Tuesday, January 19, 2016

Concert Sketching: Dealing with Movement

Here's another sneak peek at the current issue of International Artist, where I answer your questions about concert sketching.

Gustavo Torqueto asks: “How do you draw someone that is in constant movement?”

The amount that musicians move around varies a lot, depending on the style of the performer and the kind of instrument. A few are reliably rock-steady—Irish flutists, for example, especially if they are playing into a microphone. They tend not to budge, so you can settle into a careful drawing.

It’s a good idea to watch any performer for the first few minutes to observe the range of poses they’re likely to take, and to let them settle in. If the subject is going to move a lot, such as this symphonic conductor, I start a series of smaller sketches, each one representing a keyframe or characteristic pose that they cycle back into. I lock a pose in my short term memory by snapping my eyes shut and studying the afterimage.
International Artist magazine issue 107


jeffkunze said...

One summer I felt was a real point of growth for me was when I had the goal of filling one of my 100 page sketchbooks with only gesture drawings in public. I went to parks, zoos, farms, shopping areas, pretty much anywhere I knew there would be people or animals doing a variety of activities. It was a challenge at first but I found that my ability to take that mental snapshot for the initial pose to get the feeling/attitude got significantly better.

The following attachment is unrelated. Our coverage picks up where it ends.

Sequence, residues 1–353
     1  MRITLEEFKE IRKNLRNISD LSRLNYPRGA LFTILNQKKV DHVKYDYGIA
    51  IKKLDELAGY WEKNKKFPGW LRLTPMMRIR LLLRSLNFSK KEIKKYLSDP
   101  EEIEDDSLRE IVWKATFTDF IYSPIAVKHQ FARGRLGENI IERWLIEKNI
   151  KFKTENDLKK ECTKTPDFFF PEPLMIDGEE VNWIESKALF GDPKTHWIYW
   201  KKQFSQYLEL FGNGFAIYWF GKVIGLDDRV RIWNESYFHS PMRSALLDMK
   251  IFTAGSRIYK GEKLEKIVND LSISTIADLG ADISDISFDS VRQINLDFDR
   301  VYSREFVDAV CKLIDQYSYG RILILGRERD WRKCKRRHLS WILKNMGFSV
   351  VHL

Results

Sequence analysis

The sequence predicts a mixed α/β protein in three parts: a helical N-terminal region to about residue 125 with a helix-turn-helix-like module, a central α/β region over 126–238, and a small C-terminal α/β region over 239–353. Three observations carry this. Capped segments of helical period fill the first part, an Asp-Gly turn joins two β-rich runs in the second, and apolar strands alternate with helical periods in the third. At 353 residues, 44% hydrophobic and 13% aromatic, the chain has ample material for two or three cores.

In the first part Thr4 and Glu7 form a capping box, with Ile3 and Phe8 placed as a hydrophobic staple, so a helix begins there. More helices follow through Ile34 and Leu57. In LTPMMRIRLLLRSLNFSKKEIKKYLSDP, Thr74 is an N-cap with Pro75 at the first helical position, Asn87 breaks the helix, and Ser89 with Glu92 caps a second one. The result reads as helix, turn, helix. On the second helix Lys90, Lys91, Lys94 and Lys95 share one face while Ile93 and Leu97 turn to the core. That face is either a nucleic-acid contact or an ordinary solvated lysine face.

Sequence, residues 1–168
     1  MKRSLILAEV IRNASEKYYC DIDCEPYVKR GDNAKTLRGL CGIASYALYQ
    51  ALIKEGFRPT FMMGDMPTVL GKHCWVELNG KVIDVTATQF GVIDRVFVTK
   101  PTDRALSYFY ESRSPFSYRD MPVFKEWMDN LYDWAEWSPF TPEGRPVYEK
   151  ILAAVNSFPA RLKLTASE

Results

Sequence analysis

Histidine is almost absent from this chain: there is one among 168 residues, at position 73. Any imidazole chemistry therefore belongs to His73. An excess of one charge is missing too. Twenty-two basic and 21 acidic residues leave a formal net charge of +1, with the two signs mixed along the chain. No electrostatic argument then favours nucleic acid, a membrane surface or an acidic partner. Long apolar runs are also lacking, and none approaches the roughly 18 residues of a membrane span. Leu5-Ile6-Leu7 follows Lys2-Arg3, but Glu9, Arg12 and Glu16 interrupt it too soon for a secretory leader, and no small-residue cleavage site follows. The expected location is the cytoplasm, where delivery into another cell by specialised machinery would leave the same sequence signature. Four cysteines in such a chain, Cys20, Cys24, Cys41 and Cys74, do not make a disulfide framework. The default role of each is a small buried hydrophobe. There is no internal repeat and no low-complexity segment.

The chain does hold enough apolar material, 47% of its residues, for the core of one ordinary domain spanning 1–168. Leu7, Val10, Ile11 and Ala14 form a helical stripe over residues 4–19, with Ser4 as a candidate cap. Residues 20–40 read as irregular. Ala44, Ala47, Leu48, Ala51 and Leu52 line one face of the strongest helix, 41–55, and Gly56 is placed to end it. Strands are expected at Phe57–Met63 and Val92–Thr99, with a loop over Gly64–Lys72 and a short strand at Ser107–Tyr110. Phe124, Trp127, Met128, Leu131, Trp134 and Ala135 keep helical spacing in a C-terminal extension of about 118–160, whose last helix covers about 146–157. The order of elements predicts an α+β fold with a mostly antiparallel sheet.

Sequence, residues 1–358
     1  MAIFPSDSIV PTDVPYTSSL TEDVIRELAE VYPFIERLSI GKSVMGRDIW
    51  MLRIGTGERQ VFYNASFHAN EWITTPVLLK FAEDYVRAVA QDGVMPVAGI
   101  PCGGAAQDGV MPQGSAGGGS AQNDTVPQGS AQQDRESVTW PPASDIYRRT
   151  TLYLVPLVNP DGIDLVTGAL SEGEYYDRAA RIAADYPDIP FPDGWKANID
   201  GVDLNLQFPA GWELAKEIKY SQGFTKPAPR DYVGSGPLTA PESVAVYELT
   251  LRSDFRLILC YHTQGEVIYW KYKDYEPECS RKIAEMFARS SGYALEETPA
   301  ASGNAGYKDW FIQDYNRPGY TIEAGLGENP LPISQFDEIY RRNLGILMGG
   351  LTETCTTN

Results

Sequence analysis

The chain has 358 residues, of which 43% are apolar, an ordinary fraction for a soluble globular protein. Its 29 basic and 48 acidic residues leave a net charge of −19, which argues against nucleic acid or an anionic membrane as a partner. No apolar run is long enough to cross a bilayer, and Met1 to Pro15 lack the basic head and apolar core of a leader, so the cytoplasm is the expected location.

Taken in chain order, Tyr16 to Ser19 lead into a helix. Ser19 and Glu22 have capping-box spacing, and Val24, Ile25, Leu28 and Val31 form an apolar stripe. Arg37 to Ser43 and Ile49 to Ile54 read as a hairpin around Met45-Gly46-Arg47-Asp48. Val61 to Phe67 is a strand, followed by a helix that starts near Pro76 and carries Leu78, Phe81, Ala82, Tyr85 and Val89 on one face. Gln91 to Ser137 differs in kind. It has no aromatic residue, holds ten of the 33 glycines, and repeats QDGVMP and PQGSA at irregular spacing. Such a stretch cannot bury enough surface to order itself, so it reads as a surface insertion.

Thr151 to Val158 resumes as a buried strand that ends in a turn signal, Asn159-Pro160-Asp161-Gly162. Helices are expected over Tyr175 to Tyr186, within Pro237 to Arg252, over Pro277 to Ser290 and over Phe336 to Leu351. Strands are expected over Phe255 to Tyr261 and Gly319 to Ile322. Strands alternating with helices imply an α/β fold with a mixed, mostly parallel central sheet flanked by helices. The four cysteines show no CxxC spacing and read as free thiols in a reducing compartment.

Not only that but my confidence to draw wherever, whenever or in front of whomever also went up. I didn't expect that. That feeling of "oh I don't want someone to see me doing a bad drawing" comes back if I get out of the habit of drawing all the time. But I think I was more confident after that summer than I ever had been before.

Jared Cullum said...

I haven't had a chance to read your article yet so please forgive me, GJ_family, if this is a redundant suggestion:
In Mary Whyte's "Portraits of the South" watercolor DVD she shows and talks for a minute about sketching chickens in constant motion. One tip she mentions is to basically have a lot a little starts so that when they go back into a certain position you can pick back up and move around the page.

Eugene Arenhaus said...

So, basically, exactly like you sketch animals in a zoo.

(What a beautiful handwriting skill, by the way!)

John Mitchell said...

I recommend the same techniques for drawing tango dancers. They move in semi-static patterns, and pause every now and then. Watching them for a few minutes lets you see which angles and positions repeat, so it's easier to draw them.

Mitch said...

FYI the International Artist website is somewhat out of sync with their print distribution. The website says the current issue = 106. However, when I signed up for a print + digital subscription, I was told my first issue would be 108. I asked if I could start with 107, which had already been mailed, and they were very accommodating. Friendly folks. Looking forward to the article.

And regarding this post: I really like the cumulative effect of those small conductor sketches.

James, I'm wondering if you ever do (or have done, and decided it didn't work for you) more "typical" gesture drawings of figures in motion?

Jeff, I like your account of filling a sketchbook of gestures done in public! I'm going to have to try that.